WFRtDS President Sean Davison sent out a a media release (see below) about Wellington (NZ) police that may have used an alcohol checkpoint to gather information about elderly women attending euthanasia meetings. The women had been attending an Exit International meeting on a Sunday afternoon early this month in the Lower Hutt suburb of Maungaraki. As they left, about 4pm, all were pulled over at the checkpoint and – before being asked to blow into the machine – were made to give their names and addresses, and show their driver’s licences. In the days that followed, at least 10 of them received visits from police officers, asking questions about their association with Exit, a pro-euthanasia group.
PRESS STATEMENT SEAN DAVISON, President WFRtDS
The police action involving the targeting of elderly people whom they believe have imported medication to end their lives is sad and regrettable. They have also raided the houses of elderly people whom they believe have obtained party balloon helium as a means to commit suicide. This appears to be an orchestrated campaign with political overtones, coming as it does when the parliamentary Health Select Committee is considering public submissions on a law change.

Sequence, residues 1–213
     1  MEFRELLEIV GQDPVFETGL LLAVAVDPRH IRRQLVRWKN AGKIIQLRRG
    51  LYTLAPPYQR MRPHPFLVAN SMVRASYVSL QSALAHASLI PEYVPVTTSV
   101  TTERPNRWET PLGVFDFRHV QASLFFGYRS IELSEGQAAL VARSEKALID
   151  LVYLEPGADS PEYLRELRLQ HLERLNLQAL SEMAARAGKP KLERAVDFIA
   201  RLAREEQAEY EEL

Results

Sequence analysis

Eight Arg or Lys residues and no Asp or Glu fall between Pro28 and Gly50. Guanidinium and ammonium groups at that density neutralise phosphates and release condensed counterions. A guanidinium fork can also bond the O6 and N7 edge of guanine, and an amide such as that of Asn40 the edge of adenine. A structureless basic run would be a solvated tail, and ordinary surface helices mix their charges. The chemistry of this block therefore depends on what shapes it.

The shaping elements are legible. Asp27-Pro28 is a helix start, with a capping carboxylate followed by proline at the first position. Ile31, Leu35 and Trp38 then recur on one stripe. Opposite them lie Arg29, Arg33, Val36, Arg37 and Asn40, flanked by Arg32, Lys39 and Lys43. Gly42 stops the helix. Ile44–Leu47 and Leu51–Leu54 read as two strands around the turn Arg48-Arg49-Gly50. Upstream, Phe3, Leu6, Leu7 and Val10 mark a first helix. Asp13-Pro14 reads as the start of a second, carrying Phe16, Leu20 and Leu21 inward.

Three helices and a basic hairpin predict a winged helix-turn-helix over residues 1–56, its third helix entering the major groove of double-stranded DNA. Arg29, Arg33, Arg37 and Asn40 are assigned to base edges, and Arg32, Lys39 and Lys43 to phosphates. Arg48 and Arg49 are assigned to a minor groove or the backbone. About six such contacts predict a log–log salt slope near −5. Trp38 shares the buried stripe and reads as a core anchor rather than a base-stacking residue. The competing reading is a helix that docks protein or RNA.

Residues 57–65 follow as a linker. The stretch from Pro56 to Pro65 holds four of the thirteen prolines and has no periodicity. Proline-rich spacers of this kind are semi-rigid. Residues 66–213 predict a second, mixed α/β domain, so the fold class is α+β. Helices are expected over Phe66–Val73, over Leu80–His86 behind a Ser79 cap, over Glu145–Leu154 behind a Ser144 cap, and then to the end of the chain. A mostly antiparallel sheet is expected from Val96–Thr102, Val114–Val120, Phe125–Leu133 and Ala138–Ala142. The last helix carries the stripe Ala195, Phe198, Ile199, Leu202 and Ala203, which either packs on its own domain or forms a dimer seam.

If these elderly people had committed real crimes, I believe the police should leave no stone unturned in bringing them to justice, but on this occasion I feel the investigations are misdirected and their resources could be better utilised.
Desperate people who resort to illegally obtaining medication from abroad in order to guarantee a dignified and peaceful death are usually elderly and have lived a full and colourful life; these people are now at a point where their suffering is so great they wish to have control over how and when they die. In some cases they simply want to know they have the medication available ‘just in case’ they need it. They should not have to go to the desperate lengths of importing medication from Mexico and China to have a peaceful death. They should not have to suffer the fear of being raided by the police and facing imprisonment
Their desperation to obtain medication to end their lives highlights the need to change the law to allow for assisted dying in certain circumstances.
On behalf of the World Federation of right-to-die societies, I urge the New Zealand government and the police to refrain from victimising and intimidating elderly people who simply want the basic human right of a dignified death.
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